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October 29, 2021

I'm Supposed to Make a Difference by Kevin Vought ~ an Audiobook Review

by Donna Huber


I enjoy reading the occasional memoir but I realized that I usually read memoirs by women. I also love stories of people overcoming extraordinary obstacles. And since I needed an audiobook to listen to this week, I took a chance on Kevin Vought's I'm Supposed to Make a Difference.

Amazon affiliate links are used on this site. A free audiobook was provided for an honest review.

I'm Supposed to Make a Difference
September 2021; Indie; B09HJJ642Y
audio (5h 40m); ebook, print; memoir

I commend author Kevin Vought for making his past abuse and ongoing mental health battles public but sharing his story in a book. 

It is evident pretty early on in the book that the target audience is other people who have experienced abuse or other trauma. For those who need to know they are not alone in dealing with these issues and see that someone has been able to have a successful life, then I'm sure they will find this book to be inspirational.

Instead of taking the form of a narrative story, in I'm Supposed to Make a Difference Vought examines his memories much like he would in a talk therapy session. Therefore, I never felt an emotional connection with the author. Alan Taylor, the audiobook narrator, also delivers the text in a rather monotone voice so that the tone was much more clinical than what you would typically encounter in a memoir. At times, I felt like I was listening to a self-help book too. 

The only time I became slightly intrigued by the book was while Vought was discussing his memories of a blonde girl and the black-haired girl. As he tries to find out who these girls are by looking through police records of missing persons, it took on the tone of a true-crime story.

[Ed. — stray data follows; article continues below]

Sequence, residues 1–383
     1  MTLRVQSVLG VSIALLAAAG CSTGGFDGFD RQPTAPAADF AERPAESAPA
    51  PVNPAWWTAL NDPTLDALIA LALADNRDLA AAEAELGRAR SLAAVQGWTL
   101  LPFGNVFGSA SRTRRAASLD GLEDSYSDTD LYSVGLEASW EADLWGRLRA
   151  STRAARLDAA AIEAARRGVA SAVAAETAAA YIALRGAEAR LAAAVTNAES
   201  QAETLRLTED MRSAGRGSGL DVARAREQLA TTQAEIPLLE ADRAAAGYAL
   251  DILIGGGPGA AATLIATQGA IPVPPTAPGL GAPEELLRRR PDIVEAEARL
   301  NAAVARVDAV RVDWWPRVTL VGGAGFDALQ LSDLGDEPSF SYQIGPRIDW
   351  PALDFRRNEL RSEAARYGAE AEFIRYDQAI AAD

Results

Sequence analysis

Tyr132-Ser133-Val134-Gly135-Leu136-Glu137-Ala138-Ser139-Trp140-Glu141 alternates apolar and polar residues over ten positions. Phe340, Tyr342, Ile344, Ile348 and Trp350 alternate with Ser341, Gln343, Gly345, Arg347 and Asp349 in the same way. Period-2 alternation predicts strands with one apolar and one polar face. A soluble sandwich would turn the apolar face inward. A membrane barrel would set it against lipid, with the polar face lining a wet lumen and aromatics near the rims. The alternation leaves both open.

Perhaps it was the only way for the author to detail his story, but I read memoirs for the emotional connection. I should have at least been misty-eyed while hearing of how his mother emotionally abused him or my heart should have raced as he recounted what led to his grandfather nearly beating him to death. But I could have been reading a case study for the lack of emotional connection. Or it might have been intentional so that those reading the book who have their own trauma would not be overly triggered.

Overall I just couldn't muster much enthusiasm for the book. As the audiobook is under 6 hours, I should have been able to finish it within a day, a day and a half at the most. But it took me almost 3 days as I didn't feel compelled to get back to the book to find out what happened next.

I'm fortunate in that I'm not the book's target audience nor am I particularly interested in the psychology of memories and dreams. But for people who have experienced trauma, are interested in psychology, or work with survivors of trauma and abuse, then this book may hold much more interest. 



Donna Huber is an avid reader and natural encourager. She is the founder of Girl Who Reads and the author of how-to marketing book Secrets to a Successful Blog Tour.



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